• Understanding of the deal’s rationale
• Level of personal commitment to the new organization
• Confidence in the integration’s success
• Clarity of merger-related communications
• Confidence in leaders’ ability to manage integration successfully
• Impact on one’s role and career development prospects
Towers Watson used this diagnostic recently during the merger of two large manufacturing companies, administering 20 questions to a representative random sample of employees from both companies. The findings highlighted several key issues for follow-up, as well as some important differences across the two companies.
Specifically, employees from ABC Company were significantly less confident that their company’s strengths would be maintained in the new entity than were employees of XYZ Company. At the same time, more of the ABC employees also believed leadership was doing a good job communicating about the merger than did their colleagues at the other company.
Towers Watson also used the results of this survey to identify the top statistical predictors, or drivers, of employees’ personal motivation to make the new company a success. In this case, three motivational drivers that carried across employees of both the merger partners were identified:
• Confidence they could achieve desired career objectives at the new company
• Belief that the new company will deliver higher quality products and services than either of the legacy companies
• Perception that leadership will confront and resolve issues arising from the integration
Interestingly, while these issues were equally important to employees across both legacy companies, distinct differences in their views about whether the new company could deliver on these motivators were found. At ABC Company, employees were far more positive that product quality would improve. At XYZ Company, however, employees had more confidence that leadership would take them successfully through the integration.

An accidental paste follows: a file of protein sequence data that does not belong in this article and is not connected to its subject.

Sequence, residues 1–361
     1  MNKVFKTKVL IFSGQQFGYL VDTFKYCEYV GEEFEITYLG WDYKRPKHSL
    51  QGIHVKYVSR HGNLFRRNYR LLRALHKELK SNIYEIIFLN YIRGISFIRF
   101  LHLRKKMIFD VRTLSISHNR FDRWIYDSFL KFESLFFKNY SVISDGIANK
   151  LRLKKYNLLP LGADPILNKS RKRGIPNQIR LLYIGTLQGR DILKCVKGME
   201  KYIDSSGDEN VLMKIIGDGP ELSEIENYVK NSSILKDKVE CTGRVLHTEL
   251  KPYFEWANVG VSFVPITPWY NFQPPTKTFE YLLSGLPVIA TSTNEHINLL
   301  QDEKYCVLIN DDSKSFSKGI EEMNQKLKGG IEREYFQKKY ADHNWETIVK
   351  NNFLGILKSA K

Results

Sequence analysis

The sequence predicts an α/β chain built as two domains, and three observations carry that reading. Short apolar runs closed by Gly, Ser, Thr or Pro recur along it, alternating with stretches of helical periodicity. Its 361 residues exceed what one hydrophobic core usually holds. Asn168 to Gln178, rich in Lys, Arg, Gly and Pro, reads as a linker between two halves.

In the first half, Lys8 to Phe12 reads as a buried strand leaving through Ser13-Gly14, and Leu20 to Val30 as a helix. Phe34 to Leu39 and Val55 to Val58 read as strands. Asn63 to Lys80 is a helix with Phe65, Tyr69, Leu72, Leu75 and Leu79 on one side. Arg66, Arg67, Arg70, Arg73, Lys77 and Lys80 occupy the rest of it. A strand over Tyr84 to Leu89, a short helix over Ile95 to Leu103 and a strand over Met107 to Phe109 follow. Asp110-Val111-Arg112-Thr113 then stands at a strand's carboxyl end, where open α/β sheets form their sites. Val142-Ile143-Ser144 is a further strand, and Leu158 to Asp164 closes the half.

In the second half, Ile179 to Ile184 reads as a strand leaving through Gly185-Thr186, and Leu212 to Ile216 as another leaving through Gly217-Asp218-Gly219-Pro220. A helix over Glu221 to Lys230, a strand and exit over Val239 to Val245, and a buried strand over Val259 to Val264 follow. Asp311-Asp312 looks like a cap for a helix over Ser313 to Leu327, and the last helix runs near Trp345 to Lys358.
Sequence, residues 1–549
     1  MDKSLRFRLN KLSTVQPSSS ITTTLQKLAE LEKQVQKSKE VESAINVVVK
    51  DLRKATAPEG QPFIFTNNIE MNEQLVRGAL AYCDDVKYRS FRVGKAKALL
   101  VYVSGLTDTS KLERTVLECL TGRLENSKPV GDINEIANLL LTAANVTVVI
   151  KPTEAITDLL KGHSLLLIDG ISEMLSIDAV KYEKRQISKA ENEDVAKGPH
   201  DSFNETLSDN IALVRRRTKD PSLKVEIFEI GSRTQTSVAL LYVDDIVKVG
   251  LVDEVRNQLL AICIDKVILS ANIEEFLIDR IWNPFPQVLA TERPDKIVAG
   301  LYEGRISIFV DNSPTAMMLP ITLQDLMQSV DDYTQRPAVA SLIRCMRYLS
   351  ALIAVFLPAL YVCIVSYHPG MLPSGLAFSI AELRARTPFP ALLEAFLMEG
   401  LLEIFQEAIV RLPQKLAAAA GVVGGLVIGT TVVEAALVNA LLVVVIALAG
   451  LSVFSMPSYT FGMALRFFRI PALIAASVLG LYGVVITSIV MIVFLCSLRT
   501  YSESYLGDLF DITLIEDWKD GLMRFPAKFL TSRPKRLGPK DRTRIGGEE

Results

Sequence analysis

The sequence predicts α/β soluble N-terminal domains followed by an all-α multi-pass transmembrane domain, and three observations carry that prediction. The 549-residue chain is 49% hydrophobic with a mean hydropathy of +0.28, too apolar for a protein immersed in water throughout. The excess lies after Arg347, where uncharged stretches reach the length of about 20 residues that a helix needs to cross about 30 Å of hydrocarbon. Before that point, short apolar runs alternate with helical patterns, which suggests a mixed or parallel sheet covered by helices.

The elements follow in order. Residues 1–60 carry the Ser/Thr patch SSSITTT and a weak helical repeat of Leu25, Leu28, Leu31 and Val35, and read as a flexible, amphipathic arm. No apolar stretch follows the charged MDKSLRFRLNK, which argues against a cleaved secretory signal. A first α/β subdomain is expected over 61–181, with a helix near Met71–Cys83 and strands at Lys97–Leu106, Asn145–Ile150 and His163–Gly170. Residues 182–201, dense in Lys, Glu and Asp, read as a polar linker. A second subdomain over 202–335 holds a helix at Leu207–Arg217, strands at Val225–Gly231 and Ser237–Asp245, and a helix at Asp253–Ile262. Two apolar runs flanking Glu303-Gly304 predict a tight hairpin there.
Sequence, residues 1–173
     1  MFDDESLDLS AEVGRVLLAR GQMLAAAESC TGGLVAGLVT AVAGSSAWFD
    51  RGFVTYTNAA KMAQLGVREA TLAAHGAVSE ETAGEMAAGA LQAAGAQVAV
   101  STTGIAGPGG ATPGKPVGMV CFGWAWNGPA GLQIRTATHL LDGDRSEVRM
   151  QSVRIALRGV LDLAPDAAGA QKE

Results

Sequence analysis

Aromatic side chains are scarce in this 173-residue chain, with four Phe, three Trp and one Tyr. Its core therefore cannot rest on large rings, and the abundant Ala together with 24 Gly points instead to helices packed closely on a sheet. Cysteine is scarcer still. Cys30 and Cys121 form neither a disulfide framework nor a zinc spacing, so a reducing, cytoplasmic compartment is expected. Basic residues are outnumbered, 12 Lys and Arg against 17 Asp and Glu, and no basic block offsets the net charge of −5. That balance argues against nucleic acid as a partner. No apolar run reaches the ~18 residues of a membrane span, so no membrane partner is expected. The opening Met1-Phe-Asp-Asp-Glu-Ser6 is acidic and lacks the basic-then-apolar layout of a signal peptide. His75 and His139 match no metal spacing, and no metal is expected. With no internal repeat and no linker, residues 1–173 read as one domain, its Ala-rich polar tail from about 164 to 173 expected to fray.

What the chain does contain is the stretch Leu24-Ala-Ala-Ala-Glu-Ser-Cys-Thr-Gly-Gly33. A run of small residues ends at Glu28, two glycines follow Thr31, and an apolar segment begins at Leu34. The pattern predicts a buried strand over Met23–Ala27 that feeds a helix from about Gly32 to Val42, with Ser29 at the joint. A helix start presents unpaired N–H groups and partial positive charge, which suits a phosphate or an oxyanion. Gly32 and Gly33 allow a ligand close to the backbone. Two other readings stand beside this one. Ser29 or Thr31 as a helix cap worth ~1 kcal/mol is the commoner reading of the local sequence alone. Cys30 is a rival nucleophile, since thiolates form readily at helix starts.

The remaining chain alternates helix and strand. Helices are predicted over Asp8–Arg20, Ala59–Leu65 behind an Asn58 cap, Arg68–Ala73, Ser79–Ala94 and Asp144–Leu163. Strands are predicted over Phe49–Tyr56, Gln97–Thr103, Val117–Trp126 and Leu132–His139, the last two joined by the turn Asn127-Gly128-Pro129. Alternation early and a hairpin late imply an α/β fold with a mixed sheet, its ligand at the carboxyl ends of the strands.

Armed with these insights, the leadership team could identify not only what to focus on in building new processes ― career development and quality programs, as a start — but also which areas should be a particular focus for each group of employees. While focusing on all three areas would help increase the commitment of all employees, there was a specific need to help XYZ Company employees understand how the company planned to improve product quality and delivery, and a similar need to demonstrate to ABC Company employees how leadership would address integration issues. This led to a more segmented and efficient approach to managing the integration process as well as a better way of determining the right communication and change management strategies for all employees.
Putting it all together
The impact of culture is like a strong ocean current.
In countless ways, both obvious and invisible, it influences what employees focus on, talk about and look forward to. It guides their behavior in ways that can either enhance or erode performance. A cultural undertow can even wash out deals that otherwise have great strategic and operational potential.
Any corporate transaction brings with it cultural integration issues; they simply come with the territory. Getting ahead of these challenges ― understanding what the differences are, how strong they are and what people expect to happen ― is the only way to determine how best to address and resolve them. In M&A integrations, as in every other important endeavor, forewarned is forearmed.
This article was provided by Towers Watson.